Margery Kempe is a woman who has continued to divide and fascinate since the publication of ‘The Book of Margery Kempe’ in the 15th Century. She is said to have been born in the 14th Century to a wealthy merchant in Kings Lynn, and apparently had led a fairly cushy life until she made the radical decision to devote her life to Christ.
Margery Kempe had intense visions of Jesus Christ, followed by periods of emotional disturbance – the same thing that happens to some people today. Her Book, by which we know her now, dates from about the same time as Julian of Norwich, her friend and mentor.
I came across her story last year and spent many hours discussing Margery and her motives with other history lovers. During these discussions, it struck me how easily Margery has been dismissed as ‘mental’ due to her eccentric behaviour. This seems quite a widely held opinion as just yesterday, I came across a blogger who believed Margery was ‘bat-s*** crazy’. While I can’t say I disagree entirely with the blogger, I think it’s sad that the Margery has been more dammed than celebrated.
In wake of this, here are four reasons why Margery’s eccentricity and infamy are worth celebrating.
She Took The Path Less Travelled
Born to a wealthy merchant in Kings Lynn, Margery’s prospects were pretty good. She was likely to marry well and remain an eminent member of Norfolk society. While she did marry at the tender age of 20 and produce many children, this did not stop her from achieving her religious potential. She decided to throw off her marriage shackles and take a route to mysticism that was renowned as being very ‘un-English’. Unlike the well-known and respected mystic, Julian of Norwich, whose background is remarkably similar to Margery, she did not take a ‘low-key’ approach to mysticism. Instead of circling her beliefs around scripture and visions, she took her cue from European mystics who were renowned for very physical reactions to visions.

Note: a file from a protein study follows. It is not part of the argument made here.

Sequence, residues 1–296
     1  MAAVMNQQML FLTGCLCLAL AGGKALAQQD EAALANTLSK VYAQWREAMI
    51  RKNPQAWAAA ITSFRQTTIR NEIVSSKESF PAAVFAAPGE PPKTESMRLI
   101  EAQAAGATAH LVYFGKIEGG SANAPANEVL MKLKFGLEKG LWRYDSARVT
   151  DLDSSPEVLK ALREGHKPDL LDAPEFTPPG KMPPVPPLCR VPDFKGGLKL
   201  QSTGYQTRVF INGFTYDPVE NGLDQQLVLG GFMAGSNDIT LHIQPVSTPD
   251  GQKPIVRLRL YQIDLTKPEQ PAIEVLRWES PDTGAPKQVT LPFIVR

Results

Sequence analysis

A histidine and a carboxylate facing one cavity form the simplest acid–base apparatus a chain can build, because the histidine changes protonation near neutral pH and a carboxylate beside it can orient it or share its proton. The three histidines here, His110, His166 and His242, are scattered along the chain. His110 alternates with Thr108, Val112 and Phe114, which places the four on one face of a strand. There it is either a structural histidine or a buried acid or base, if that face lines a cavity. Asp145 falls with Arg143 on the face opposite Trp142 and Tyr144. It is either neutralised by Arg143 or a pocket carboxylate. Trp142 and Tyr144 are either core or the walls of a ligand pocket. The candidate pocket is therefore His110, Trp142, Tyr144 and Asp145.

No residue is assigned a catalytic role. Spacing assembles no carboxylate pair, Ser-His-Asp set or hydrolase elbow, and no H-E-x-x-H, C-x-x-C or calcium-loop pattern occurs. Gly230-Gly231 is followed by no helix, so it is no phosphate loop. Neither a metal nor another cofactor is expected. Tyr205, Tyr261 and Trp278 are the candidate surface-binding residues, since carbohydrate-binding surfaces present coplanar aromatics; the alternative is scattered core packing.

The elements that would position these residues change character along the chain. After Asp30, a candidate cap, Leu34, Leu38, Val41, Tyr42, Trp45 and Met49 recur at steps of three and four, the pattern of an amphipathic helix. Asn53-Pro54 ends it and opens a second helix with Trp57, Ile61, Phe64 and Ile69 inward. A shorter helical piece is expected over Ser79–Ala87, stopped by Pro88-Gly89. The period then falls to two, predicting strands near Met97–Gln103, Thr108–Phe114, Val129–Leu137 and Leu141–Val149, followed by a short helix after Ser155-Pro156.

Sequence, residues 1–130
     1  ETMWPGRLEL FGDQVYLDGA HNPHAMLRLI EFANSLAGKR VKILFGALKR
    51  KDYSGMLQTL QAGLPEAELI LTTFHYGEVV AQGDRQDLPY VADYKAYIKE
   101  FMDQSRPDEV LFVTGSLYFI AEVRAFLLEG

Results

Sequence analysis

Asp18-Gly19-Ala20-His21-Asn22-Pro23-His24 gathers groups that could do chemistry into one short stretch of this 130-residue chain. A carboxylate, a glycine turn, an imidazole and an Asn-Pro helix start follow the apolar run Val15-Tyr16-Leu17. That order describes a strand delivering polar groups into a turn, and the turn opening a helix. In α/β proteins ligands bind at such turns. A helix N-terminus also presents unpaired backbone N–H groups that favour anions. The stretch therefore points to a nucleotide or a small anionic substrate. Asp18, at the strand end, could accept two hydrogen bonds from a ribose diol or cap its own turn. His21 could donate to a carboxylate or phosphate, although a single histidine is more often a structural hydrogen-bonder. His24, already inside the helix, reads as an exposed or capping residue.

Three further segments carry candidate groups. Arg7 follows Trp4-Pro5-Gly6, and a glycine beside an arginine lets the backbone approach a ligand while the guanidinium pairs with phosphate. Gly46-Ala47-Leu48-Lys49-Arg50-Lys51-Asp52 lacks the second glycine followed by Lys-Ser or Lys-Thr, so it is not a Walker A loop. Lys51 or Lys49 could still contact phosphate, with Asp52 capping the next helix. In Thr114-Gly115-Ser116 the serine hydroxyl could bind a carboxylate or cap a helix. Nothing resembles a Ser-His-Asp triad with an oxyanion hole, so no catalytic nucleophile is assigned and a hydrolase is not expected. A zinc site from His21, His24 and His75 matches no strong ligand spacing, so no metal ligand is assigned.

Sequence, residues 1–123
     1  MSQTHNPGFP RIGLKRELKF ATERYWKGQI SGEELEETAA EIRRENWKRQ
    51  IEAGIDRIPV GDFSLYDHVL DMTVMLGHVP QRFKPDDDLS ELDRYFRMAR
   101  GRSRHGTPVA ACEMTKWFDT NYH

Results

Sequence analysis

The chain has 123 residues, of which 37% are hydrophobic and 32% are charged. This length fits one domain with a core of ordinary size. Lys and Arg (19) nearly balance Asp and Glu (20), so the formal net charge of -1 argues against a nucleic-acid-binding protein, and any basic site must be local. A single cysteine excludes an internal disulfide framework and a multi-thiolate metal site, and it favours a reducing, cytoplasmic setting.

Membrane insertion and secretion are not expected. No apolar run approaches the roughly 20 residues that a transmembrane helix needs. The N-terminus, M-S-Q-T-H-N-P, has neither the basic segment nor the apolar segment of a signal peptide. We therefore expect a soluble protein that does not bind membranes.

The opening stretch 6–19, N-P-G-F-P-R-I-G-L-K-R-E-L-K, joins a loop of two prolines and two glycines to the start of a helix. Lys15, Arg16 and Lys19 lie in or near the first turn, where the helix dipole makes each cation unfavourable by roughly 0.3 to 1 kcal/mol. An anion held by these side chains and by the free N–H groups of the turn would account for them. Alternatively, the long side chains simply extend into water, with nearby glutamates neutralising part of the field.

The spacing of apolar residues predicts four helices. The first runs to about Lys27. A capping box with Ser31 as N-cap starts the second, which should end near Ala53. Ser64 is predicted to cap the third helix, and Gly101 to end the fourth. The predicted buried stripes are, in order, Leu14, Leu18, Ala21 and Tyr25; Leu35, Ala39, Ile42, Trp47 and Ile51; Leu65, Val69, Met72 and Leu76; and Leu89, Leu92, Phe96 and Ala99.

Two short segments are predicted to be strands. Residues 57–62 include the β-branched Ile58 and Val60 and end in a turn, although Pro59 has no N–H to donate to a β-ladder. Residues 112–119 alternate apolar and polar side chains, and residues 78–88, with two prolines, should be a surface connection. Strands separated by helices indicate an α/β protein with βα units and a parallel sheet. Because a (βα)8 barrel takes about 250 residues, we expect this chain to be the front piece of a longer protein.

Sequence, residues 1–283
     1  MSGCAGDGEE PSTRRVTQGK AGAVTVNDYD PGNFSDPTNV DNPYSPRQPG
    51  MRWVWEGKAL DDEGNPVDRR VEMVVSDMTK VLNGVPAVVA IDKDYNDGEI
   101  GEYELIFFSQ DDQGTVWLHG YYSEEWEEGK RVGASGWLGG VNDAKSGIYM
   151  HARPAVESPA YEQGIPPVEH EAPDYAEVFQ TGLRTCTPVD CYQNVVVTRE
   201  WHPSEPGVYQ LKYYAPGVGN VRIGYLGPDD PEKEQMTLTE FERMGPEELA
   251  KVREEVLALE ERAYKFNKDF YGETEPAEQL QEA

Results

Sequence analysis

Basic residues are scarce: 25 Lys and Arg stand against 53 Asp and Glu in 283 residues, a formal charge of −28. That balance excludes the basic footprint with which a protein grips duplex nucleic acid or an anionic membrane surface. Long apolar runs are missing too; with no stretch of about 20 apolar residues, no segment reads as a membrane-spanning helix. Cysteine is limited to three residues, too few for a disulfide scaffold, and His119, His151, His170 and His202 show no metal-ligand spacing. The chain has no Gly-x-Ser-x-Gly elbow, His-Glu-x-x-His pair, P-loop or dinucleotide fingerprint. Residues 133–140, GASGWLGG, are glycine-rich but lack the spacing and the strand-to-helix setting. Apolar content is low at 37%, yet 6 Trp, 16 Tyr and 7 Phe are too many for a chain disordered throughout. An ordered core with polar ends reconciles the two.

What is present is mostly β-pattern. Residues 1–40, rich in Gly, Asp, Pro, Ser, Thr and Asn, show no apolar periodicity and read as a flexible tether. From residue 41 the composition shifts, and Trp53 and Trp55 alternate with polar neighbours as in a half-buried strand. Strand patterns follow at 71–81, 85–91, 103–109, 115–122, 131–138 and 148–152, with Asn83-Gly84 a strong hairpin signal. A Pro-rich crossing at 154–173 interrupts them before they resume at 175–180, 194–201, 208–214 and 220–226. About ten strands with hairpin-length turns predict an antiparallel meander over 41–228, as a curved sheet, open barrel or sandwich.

Pages from the works of Margery Kempe.
Furthermore, Margery risked more than just her reputation by deciding to travel the pilgrimage to Jerusalem, without a companion. The journey itself was long and arduous and she was often accompanied by people who disliked or mocked her. I can’t help but thinking (and I hope you agree), the woman had guts.
She Went The Whole Hog
There is having faith, and then there’s Margery. Margery was what you might call a ‘super-fan’ of Catholicism. The pilgrimages to Jerusalem were just the tip of iceberg and she experienced Godly ‘visions’. Her wailing sobs, crying fits and uncontrollable seizures were just some of the side-effects of her devotion to Christ (not to mention the strange sexual undertones.) During her hallucinations, many of the onlookers, religious men and travellers in her book are described as uncomfortable with the scenes. Did this deter Margery? Did it heck! Her belief never wavered and she carried her religious convictions throughout life.
She Was An Enigma
Who was Margery? Is Margery’s book an autobiography, a historical or fictional work, or what? Why was the book written? These are questions that have no definitive answer and continue to fascinate historians and divide opinion. Knowing there was a Margery Kempe in Kings Lynn during the 14th Century does not provide evidence that some or any of the things she said or did actually happened. The entire work could be a fantastic story written to instruct or teach rather than be a true autobiography. Despite this and whatever you choose to believe, Margery remains an enigma that deserves study.
This beautiful depiction from ‘The Book of Margery Kempe’ shows her both giving birth and having her first ‘vision’.
Remember Her Name
I apologise for the Breaking Bad reference but it couldn’t be helped, however, I wholeheartedly believe that Margery should be remembered for her ability to fascinate authors, historians, philosophers and really, anyone who comes across her. Her story has the ability to create more questions than it does answer, allowing her name to live on without certainty of who she was or why she did the things she did. This is so captivating that I believe Margery’s name will live on (longer than Breaking Bad).